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Spontaneous otogenic pneumocephalus

Case report and review of the literature

Gregory C. Dowd, Timothy B. Molony, and Rand M. Voorhies

P neumocephalus was first described in 1741 by Lecat, as reported in a work by Jelsma and Moore. 9 In 1884 Chiari reported a fatal case of nonspontaneous pneumocephalus secondary to chronic ethmoiditis, which was later discussed by Dandy. 2 With the advent of x-ray films the ability to diagnose the presence of intracranial air improved. Luckett 10 reported a case of pneumocephalus in 1913. In 1918, Dandy, 3 a pioneer in neuroradiological imaging, proposed the intentional intracranial instillation of air to facilitate diagnostic pneumoencephalography. He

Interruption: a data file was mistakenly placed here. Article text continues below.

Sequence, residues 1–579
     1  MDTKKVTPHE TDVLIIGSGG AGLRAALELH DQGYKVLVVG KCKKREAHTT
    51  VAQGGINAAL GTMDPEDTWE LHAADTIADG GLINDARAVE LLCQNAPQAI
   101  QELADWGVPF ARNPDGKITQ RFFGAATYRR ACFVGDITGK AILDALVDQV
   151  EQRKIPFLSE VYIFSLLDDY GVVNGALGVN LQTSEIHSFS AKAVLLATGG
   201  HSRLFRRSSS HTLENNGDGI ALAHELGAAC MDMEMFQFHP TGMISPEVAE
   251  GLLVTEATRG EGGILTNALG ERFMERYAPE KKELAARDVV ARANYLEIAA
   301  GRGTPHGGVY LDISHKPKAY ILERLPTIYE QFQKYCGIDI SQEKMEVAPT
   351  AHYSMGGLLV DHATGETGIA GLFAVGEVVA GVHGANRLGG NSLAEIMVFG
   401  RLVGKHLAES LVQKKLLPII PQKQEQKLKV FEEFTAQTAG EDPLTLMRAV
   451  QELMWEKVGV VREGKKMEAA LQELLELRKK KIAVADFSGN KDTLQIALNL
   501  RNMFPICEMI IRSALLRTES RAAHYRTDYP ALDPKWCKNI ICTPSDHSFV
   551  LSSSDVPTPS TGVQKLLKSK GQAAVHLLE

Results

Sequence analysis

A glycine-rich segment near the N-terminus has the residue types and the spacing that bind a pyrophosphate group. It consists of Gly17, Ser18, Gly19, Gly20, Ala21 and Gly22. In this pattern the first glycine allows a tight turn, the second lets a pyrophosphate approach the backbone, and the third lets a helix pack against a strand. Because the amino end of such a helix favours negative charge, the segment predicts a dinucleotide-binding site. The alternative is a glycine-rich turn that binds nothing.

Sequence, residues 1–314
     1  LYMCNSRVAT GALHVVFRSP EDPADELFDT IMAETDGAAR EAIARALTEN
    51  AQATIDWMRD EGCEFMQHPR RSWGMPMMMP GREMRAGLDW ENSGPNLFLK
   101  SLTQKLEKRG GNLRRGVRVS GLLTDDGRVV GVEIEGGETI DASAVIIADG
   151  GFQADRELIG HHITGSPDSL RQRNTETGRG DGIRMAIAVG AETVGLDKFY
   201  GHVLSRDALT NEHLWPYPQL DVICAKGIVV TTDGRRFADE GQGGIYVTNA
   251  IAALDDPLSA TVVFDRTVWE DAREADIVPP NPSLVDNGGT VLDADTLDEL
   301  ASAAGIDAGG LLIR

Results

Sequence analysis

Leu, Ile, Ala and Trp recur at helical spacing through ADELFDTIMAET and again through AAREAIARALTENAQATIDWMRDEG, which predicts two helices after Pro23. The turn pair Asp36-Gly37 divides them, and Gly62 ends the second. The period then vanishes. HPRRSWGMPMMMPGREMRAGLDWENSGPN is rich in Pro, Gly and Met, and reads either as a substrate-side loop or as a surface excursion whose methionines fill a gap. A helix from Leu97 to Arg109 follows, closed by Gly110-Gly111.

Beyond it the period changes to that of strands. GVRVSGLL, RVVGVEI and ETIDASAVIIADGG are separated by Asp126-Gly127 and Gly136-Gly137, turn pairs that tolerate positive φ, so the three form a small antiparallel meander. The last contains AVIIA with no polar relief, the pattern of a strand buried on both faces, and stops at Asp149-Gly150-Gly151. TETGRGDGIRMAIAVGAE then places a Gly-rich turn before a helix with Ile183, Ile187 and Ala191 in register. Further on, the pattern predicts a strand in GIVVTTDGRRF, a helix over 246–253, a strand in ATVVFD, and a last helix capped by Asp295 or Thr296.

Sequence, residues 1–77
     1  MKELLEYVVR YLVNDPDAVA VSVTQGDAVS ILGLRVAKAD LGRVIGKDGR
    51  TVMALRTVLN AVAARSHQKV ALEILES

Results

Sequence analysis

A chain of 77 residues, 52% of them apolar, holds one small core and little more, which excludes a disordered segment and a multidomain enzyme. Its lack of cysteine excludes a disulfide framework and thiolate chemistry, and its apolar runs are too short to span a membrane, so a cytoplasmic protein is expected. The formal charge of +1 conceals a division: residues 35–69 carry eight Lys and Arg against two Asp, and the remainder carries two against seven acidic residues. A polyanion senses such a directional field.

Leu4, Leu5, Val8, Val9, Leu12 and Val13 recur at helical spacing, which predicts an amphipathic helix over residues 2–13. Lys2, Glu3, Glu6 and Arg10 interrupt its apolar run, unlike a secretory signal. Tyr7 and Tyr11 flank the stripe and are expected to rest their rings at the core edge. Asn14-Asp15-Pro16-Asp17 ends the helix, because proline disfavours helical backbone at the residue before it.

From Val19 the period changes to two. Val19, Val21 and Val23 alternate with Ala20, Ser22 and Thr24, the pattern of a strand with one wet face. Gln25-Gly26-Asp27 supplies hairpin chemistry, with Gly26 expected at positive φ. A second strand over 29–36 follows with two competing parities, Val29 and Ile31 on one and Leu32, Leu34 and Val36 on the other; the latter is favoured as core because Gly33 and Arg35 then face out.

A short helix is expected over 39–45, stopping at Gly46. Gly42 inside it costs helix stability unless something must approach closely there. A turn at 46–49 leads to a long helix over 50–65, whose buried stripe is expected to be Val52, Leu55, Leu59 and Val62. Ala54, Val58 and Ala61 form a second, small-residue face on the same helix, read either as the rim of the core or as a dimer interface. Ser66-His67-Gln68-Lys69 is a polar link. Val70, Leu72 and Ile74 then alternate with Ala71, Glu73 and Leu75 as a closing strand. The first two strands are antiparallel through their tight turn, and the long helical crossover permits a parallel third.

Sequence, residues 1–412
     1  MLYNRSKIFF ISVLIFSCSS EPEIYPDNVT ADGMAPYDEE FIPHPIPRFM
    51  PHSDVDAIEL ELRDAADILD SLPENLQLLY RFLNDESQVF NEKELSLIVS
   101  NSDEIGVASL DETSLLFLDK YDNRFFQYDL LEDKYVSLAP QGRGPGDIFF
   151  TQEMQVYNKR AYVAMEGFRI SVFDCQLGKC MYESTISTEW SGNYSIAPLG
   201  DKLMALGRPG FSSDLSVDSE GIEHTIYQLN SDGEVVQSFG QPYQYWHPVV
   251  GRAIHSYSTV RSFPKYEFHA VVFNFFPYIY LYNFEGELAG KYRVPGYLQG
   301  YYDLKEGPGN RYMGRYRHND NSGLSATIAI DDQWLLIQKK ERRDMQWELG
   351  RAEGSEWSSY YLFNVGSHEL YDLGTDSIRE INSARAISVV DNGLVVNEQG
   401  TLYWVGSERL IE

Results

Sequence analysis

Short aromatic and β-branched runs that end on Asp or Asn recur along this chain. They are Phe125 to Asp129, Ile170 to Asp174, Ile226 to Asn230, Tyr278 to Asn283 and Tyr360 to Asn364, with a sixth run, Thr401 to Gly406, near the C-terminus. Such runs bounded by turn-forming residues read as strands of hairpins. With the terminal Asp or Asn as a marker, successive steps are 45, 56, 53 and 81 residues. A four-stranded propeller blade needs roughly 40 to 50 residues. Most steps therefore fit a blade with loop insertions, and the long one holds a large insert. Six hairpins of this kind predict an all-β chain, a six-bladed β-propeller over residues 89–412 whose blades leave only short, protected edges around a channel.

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Lawrence H. Pitts, Charles B. Wilson, Herbert H. Dedo, and Robert Weyand

I n 1884, Chiari 3 reported the first autopsied case of intracranial pneumocephalus resulting from ethmoiditis. Radiographic evidence of pneumocephalus in a patient with a skull fracture was first presented by Luckett 7 in 1913. Since then, many cases of pneumocephalus have been recognized, and at least 350 have been reported. Pneumocephalus following a ventriculoperitoneal (VP) shunt for communicating hydrocephalus has not previously been described. We are reporting such a case. Case Report At the age of 8 years, this patient underwent resection of a